Quirky and Resilient Characters Abound in Kathie Giorgio's Latest Works
Author Kathie Giorgio will be the first to tell you that her new book of short stories are not fairytales.
The compilation, called Oddities and Endings, includes 40 stories about unusual characters wrestling with life's difficulties. The collection is the result of work that she's published over the years in various literary magazines.
The tales are about characters -- a woman who starts a partnership with an iguana, a rapist who conceives that he can forge a relationship with his son who is the product of the rape and another woman who obsesses over a tattoo of a stranger. Other stories include men and women dealing with loneliness in unique ways as they get older.
"I think that quirky characters bring readers into a story," explains Giorgio. "Then they find someone who is a little bit unusual, who is a little bit different than they are, but experiencing the same things that they do."
Giorgio infuses her characters - ranging from male to female, old to young, gay to straight, victim to perpetrator - with a common humanity. In order to do this, she says she strives not to operate on stereotypes.
When Giorgio writes from the male perspective, "I don't sit back and think, 'Okay...how how would a man think that? Or how would a man phrase that?'" Instead, she says, "I try to get into the individual character. How would this particular person say this?"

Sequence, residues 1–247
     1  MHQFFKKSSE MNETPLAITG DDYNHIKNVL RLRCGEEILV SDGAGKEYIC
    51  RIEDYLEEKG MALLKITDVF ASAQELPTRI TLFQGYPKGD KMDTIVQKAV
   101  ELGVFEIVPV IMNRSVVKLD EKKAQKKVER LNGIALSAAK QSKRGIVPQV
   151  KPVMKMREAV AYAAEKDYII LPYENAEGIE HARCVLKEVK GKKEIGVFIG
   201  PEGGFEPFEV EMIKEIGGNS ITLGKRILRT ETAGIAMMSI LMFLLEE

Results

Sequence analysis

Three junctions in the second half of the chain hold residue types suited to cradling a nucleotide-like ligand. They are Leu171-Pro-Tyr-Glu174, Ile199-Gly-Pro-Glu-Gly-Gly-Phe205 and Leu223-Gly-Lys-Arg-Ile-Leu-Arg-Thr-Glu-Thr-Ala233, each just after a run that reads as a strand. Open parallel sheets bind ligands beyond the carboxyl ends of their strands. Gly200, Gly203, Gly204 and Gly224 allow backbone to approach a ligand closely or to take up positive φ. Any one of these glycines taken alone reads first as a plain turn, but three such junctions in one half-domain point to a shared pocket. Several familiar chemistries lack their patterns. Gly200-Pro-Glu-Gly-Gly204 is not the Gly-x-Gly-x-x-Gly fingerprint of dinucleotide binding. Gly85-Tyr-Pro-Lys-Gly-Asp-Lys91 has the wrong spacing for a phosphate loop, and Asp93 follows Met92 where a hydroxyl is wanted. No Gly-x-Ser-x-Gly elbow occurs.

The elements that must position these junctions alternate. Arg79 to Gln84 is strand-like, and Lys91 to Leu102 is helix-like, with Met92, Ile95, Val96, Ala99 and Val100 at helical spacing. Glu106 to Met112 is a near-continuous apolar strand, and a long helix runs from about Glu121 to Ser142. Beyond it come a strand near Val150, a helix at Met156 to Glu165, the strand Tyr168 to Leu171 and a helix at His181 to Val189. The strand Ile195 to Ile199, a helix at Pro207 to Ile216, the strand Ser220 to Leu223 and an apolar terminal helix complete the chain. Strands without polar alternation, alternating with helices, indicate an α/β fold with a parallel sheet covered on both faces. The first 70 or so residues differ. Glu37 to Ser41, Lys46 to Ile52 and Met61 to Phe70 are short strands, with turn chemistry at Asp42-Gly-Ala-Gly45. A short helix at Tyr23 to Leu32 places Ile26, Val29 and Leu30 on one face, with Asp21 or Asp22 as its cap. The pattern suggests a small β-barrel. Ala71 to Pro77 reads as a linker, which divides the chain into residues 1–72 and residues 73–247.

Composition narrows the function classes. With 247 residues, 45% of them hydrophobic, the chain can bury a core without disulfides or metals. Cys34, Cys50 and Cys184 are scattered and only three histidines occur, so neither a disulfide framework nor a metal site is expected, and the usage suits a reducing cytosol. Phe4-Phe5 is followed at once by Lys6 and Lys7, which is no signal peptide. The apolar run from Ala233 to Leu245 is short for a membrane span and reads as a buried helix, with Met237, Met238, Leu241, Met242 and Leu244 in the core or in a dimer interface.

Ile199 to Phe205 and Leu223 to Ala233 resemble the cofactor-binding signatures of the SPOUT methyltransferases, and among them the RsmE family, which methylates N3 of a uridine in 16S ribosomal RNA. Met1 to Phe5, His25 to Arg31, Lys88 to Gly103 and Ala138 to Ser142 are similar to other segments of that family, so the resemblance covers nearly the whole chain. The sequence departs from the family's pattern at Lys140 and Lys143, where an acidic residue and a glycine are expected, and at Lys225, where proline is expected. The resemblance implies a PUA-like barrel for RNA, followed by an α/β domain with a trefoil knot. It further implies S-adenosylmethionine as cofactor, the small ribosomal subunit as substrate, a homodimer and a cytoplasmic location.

She explains, "It's sort of like method acting, where while I'm writing [my stories], whether I'm in the first, second or third person, I become [the character] and try to write from their mental point of view."
Her stories also address what can be deemed as the messiness of life. She writes about victims and perpetrators of sexual assault and couples dealing with miscarriages, financial struggles or health issues. However, Giorgio wants readers to know that her stories are not intended to bring readers down.
"Many times my work has been called depressing, or dark," she says. "I've never thought of it that way. It's redemptive and I work very hard on making sure that the characters come out at the end. I want to show characters going through tremendous situations where they do have to struggle, but they survive, and they come out the other end better for it."
Her new book of poetry, called True Light Falls, addresses her creative writing workshops and experience of seasonal affective disorder.
Giorgio says that humor and optimism can be found in both collections. "My way of dealing with a lot of things,is to always find something to laugh at," she says.
Giorgio will have a book launch Thursday evening at UW-Waukesha, which includes an on-stage interview with former Lake Effect producer Stephanie Lecci.